Directed by Nicolas Brown (Human Planet) and produced by Caroline Hawkins (Meerkats 3D), Pandas: The Journey Home, is an Oxford Scientific Films Production for National Geographic Entertainment and Sky 3D, in association with the Chinese Wildlife Conservation Association, Wolong Panda Conservation Centre, CCTV9 and Nat Geo WILD.
The Mugar Omni Theater is New England's only IMAX® Dome theater, and continues to provide visitors with some of the world's most awe-inspiring experiences via its five-story-high screen and heart-thumping surround sound system. The Omni Theater has welcomed more than 17.5 million visitors, transporting them to some of the world's most wondrous places.
Pandas: The Journey Home is sponsored by MathWorks. Admission to the Mugar Omni Theater is $10 for adults, $9 for seniors (60 +) and $8 for children (3-11).For information on tickets and showtimes, please call 617-723-2500, 617-589-0417 (TTY) or visit the Museum's web site at mos.org.
About National Geographic Cinema Ventures/National Geographic Entertainment
National Geographic Cinema Ventures/National Geographic Entertainment is responsible for production and distribution of giant screen, 3-D and specialty films. Over the last decade, NGCV/NGE has produced or released a number of successful films, including Oscar-nominated documentaries “Restrepo” and “The Story of the Weeping Camel”; giant-screen award-winning films “Sea Monsters: A Prehistoric Adventure,” “U2 3D,” “Mysteries of Egypt” and “Forces of Nature”; and feature-length films “The Last Lions” and “Life in a Day.” Lisa Truitt is president of NGCV/NGE, and Mark Katz is president of NGCV/NGE distribution. For more information, visit www.nationalgeographic.com/movies.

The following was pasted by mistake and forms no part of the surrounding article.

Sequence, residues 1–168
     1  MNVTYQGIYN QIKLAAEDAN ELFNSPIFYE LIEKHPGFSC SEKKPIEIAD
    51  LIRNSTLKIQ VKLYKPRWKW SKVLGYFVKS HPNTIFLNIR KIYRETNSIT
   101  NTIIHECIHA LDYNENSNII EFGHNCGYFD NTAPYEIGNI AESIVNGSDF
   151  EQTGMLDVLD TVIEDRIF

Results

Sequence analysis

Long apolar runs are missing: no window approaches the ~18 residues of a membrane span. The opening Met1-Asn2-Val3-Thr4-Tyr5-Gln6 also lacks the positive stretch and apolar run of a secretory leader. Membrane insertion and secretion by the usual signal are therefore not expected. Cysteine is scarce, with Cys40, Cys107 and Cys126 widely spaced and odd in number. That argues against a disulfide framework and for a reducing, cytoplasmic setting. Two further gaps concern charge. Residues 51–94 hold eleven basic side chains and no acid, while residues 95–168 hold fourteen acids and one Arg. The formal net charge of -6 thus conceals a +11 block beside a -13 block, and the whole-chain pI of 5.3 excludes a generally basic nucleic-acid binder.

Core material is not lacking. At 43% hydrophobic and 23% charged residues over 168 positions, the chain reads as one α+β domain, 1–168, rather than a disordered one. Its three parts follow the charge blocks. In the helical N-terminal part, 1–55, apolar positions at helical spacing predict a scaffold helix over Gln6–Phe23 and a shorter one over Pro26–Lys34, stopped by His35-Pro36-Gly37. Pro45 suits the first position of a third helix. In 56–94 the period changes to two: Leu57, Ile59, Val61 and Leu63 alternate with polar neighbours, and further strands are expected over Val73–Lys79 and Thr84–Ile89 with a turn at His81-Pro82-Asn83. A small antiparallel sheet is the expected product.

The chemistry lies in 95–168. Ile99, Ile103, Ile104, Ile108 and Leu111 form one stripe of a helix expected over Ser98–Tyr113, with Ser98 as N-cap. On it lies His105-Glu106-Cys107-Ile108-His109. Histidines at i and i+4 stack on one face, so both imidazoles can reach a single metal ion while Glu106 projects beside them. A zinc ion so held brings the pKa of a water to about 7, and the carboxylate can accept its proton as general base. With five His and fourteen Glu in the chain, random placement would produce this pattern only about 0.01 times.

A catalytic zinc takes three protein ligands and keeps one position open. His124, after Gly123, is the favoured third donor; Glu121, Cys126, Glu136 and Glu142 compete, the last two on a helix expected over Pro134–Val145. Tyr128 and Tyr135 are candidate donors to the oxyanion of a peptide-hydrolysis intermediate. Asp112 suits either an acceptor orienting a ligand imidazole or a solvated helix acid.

About the Museum of Science, Boston
One of the world's largest science centers and Boston's most attended cultural institution, the Museum introduces about 1.5 million visitors a year to science, technology, engineering, and math (STEM) via dynamic programs and hundreds of interactive exhibits. Founded in 1830, the Museum was first to embrace all the sciences under one roof. The Hall of Human Life, a groundbreaking 10,000-square-foot exhibition drawing from the latest discoveries in the life sciences engages visitors in their own biology and health. Other highlights include the Thomson Theater of Electricity, Charles Hayden Planetarium, Mugar Omni Theater, Gordon Current Science & Technology Center, Butterfly Garden, and new 4-D Theater opening in August 2014. Reaching over 20,000 teens a year worldwide via the Intel Computer Clubhouse Network, the Museum also leads a 10-year, $41 million National Science Foundation-funded Nanoscale Informal Science Education Network of science museums. The Museum’s “Science Is an Activity” exhibit plan has been awarded many NSF grants and influenced science centers worldwide. Its National Center for Technological Literacy®'s engineering curricula have reached over 70,400 teachers and 5.1 million students nationwide. The Museum has also: been recognized by Boston and Cambridge for energy and sustainability efforts; named an Employer of Choice by Work Without Limits, a Massachusetts disability employment initiative; is Yankee Magazine's "Best of New England Readers' Choice" for Cultural Attraction in Science and "Best of New England -- Editors' Choice" for Best Sky Show; and is El Planeta's Best Tourist Attraction for the Massachusetts Latino population. The Museum's Undiscovered Worlds was recognized as the “Best Immersive—Fulldome Program” by the Jackson Hole Science Media Awards. Visit http://www.mos.org. Follow the Museum of Science on Twitter at @MuseumOfScience or Facebook at www.facebook.com/museumofscience.
AJ Gosselin: 617.589.0251 or firstname.lastname@example.org
Erin Shannon: 617-589-0250 or email@example.com